Netflix UK TV review: Carmel: Who Killed María Marta
Helen Archer | On 24, Nov 2020
While María Marta García Belsunce’s murder is notorious in Argentina, having dominated their news cycle for over a decade, it’s probably safe to say that it will be new to most of the viewers of this Netflix documentary series. Which is both a blessing and a curse. For those of us coming to it blind, director Alejandro Hartmann has a job on his hands – there’s a lot of information to be packed in to four hour-long episodes.
The first instalment deals with the death itself. In late October 2002, in an affluent gated community in Pilar, Buenos Aires, sociologist and philanthropist María Marta was enjoying a normal Sunday. She played tennis, while her husband, Carlos Carrascosa, visited a neighbouring relative to watch a football match. But when tennis was called off early on account of some unexpected rain, María Marta went home to wait for a 7pm visit from her masseuse. When Carlos returned to the house, he found his wife slumped over a bathtub, fully dressed, face down in the bathtub with pools of blood coming from a wound in her head.
The masseuse helped Carlos pull María Marta from the bathtub, called for help, and from there a chaotic scene began, which would impact the rest of the family’s lives. Two different doctors were called; María Marta was pronounced dead. The assumption of the family – and at least one of the medics called to the scene – was that she had slipped and banged her head on a tap. This assumption led to the bathroom being cleaned of blood – and vital evidence. A small piece of lead, later identified as a bullet, was flushed down the toilet. Funeral arrangements were rushed, and it was only at the last minute that an autopsy was conducted. It found five bullet holes in the head of María Marta.
Thus begins a tumultuous tale of conspiracy and counter-conspiracy. Members of the family, journalists and lawyers line up to try to make some sense of it. It’s set up as a closed-room Agatha Christie-style murder mystery – we are told by various commentators that the murderer had to have come from inside Pilar’s prestigious gated community. As the series progresses, however, it becomes clear that is not the case. As fingers point towards a neighbour, we also find out that “outsiders” could have gained access to the house, which may well have been the target for a burglary, fatally interrupted by María Marta’s early arrival home.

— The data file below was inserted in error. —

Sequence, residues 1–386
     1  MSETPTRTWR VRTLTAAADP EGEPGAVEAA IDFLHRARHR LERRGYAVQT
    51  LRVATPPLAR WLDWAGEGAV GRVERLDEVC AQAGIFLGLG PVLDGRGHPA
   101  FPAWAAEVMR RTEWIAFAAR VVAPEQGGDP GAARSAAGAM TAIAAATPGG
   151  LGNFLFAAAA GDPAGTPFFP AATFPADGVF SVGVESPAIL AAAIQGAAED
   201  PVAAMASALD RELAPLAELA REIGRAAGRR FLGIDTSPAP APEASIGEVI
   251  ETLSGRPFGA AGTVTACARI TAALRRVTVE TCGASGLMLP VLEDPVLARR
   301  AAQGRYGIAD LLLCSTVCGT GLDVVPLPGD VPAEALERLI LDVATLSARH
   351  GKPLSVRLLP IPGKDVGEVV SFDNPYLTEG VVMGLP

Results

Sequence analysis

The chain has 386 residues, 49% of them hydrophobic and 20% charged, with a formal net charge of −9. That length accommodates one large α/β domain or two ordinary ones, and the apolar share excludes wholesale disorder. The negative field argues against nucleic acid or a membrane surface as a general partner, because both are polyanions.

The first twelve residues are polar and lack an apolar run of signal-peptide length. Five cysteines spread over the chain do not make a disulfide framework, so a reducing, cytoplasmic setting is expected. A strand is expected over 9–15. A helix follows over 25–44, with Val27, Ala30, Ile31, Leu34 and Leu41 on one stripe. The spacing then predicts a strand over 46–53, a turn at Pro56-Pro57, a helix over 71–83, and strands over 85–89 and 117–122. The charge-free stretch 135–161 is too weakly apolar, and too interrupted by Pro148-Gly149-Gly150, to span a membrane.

Such hypotheses, though, don’t get in the way of prosecutor Diego Molina Pico, who laser-focuses on Carlos and his family from early on in the investigations. Suspicious of the cleaned-up crime scene, his interviews show him to be convinced of a conspiracy between María Marta’s nearest and dearest, which also somehow involves the medics, the masseuse, and various other bit-players. Other suspects barely seem to cross his mind. He pursues the family with an almost religious fervour, tangling them up in court action for the next ten years. Some of most fascinating parts of the series come from the juxtaposition of Pico and María Marta’s family – the seemingly balanced, calm and single-minded prosecutor versus a clan which is altogether more emotive, angry and occasionally caustic. It makes for a fascinating back-and-forth, a cat-and-mouse chase between a flawed prosecutor and a family caught in his crossfire.
Later episodes cover the ins-and-outs of the courtroom, with some absorbing testimony, including audio of the phone calls made on the night in question to emergency services. The media circus surrounding the case is well documented, as is the way in which it gripped the Argentinian public in the manner of a telenovela. And yet there are a few holes in the series. Key witnesses and suspects have obviously opted out of involvement, and some of the narrative is rushed and confusing. It is, at times, difficult to get to grips with the nuances of the case. The makers, though, seem aware of this, and every time the action gets slightly too frenetic, we are pulled back to a manageable timeline, putting a sober lens on a train wreck of an investigation. While ultimately the documentary does not completely demystify the murder of María Marta, it does its best to wrench her death away from the frenzied melodrama which followed it.
Carmel: Who Killed María Marta is available on Netflix UK, as part of an £8.99 monthly subscription.